In spite of what Twitter might say, for the Utah Jazz to one day win an NBA championship, Rudy Gobert and Donovan Mitchell don’t need to be best friends.
In my 29 years on this planet, I’ve watched more television that I care to publicly admit. I can honestly say, however, that I’ve never seen a single episode of NBC’s “Days of Our Lives.” After the month the Utah Jazz have had, though, I feel like I’ve sat through each of the series’ 56 seasons — and yes, you read that number correctly. From Rudy Gobert’s reckless groping of recording devices to Donovan Mitchell’s positive COVID-19 test, things have been hectic.
Nevermind the actual health of the Jazz’s pair of All-Star-caliber players, though — fortunately, they’re both doing fine. No, this week’s “sexy” news has been the perceived riff that supposedly exists between Quin Snyder’s one-two punch both on and off the hardwood — especially given Mitchell’s recent interview with co-anchor Robin Roberts of ABC’s “Good Morning America.”
Do you have six minutes and 52 seconds to spare, by chance? Who am I kidding — of course you do! You’re just as down with the “coronavirus quarantine” as every other human being on earth.
Anyway, have at it:
If you decided to forego the interview or plan on watching it later on, spoiler alert — nothing said is going to deliver the shock value #TakeNote Nation would have you believe is present.
Cut and dry, here are the “scandalous” tidbits:
- Mitchell admits to needing to “cool off” on Gobert after his diagnosis.
- Mitchell is asked if he’s contacted Gobert; he skates around the question.
Now, with the above in mind, could there be a real issue here?
In fact, full-time Utah Jazz beat writers like Tony Jones and Ben Anderson have even gone as far as suggesting that — though a knock-down-drag-out relationship certainly isn’t the case — from what they’ve observed in the locker room and in off-court settings, the two could be closer.
“I think a lot of people who just assume that, well — Rudy and Donovan are the Jazz’s best players, and their lockers are next to each other and we see them at the All-Star Game, so that means they’re friends. There’s just never been any evidence that they are close friends of any kind. But that doesn’t mean they’re enemies.”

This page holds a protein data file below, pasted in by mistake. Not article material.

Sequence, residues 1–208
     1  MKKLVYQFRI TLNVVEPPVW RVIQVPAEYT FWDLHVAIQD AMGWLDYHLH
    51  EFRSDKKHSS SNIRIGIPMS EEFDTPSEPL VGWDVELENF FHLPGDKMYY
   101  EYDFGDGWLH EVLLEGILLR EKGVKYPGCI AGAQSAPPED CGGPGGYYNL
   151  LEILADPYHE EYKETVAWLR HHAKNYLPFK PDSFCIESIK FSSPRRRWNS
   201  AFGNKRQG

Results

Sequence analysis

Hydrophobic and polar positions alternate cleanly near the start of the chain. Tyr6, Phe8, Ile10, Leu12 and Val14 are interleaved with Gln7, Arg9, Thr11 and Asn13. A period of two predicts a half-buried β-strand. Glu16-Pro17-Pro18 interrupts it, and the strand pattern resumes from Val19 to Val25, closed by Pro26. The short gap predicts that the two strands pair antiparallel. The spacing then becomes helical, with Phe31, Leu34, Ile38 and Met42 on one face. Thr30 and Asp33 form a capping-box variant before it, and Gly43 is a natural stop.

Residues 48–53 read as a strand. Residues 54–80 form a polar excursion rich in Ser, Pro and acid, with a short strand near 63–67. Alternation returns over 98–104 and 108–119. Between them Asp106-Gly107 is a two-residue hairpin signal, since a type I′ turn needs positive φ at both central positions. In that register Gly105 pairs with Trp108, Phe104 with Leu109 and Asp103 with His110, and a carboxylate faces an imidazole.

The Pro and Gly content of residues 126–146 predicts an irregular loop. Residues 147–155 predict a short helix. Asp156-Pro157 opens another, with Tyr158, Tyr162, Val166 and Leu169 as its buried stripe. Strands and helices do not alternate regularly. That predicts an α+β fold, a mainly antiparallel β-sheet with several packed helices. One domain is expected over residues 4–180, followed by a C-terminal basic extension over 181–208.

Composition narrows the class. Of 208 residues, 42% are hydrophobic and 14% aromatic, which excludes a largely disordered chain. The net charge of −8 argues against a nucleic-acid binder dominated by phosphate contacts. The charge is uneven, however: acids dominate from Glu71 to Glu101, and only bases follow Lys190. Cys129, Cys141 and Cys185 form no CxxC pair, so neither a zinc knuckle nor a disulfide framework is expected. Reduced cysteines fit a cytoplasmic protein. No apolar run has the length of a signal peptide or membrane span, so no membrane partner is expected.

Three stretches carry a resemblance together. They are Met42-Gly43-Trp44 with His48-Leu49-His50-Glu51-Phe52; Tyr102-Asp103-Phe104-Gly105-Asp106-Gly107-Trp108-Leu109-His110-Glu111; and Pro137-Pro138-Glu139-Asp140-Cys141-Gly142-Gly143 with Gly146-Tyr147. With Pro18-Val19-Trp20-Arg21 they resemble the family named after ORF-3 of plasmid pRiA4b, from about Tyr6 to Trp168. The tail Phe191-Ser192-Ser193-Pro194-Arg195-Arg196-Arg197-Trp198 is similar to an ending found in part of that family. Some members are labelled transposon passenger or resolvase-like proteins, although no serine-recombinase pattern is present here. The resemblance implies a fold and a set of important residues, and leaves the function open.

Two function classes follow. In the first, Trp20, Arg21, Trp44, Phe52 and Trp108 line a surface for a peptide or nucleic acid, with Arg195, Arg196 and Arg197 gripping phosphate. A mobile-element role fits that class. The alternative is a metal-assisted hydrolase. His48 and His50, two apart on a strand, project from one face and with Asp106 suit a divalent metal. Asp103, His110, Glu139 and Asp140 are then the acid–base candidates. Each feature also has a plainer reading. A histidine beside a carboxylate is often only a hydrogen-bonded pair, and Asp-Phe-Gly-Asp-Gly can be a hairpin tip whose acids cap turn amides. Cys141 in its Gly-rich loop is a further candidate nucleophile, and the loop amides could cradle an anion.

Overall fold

For the sake of understanding, let’s assume that Gobert and Mitchell aren’t quite as tight as Siegfried and Roy — two guys who worked (very) closely together. With that mindset in place, step into their oversized shoes and lose yourself in a moment of introspective interrogation:
- Will I hold a lukewarm grudge against someone I see every day?
- Will I act hostile towards a person for whom I’m totally indifferent?
- Will I allow school-girl pettiness to keep us from an NBA championship?
Okay, back to reality (insert Eminem lyrics).
You might not be a professional basketball player, but you’re likely employed in some sort of nine-to-five capacity. Think about it: “Debbie from accounting” might not be your cup of tea, but that doesn’t mean you harbor any kind of disdain for her — you work together; that’s enough.
Let’s take things a step further, though …
All throughout NBA history, there are dozens of examples of team-leading hoopers who weren’t necessarily simpatico: Kobe Bryant and Shaquille O’Neal, Ray Allen and Rajon Rondo, Kevin Durant and literally every teammate he’s ever had. Each of the aforementioned were some of the best players on their respective teams; each of them managed to bring home an NBA title, too.
So forgive me, but if Gobert and Mitchell aren’t making friendship bracelets on Friday nights, it’s not the end of the world — when (or if) the season starts back up, they’ll make things work.
For this, at least, dial back the panic, peeps.
For more information about COVID-19, visit the CDC’s website or the website for your state’s Department of Health.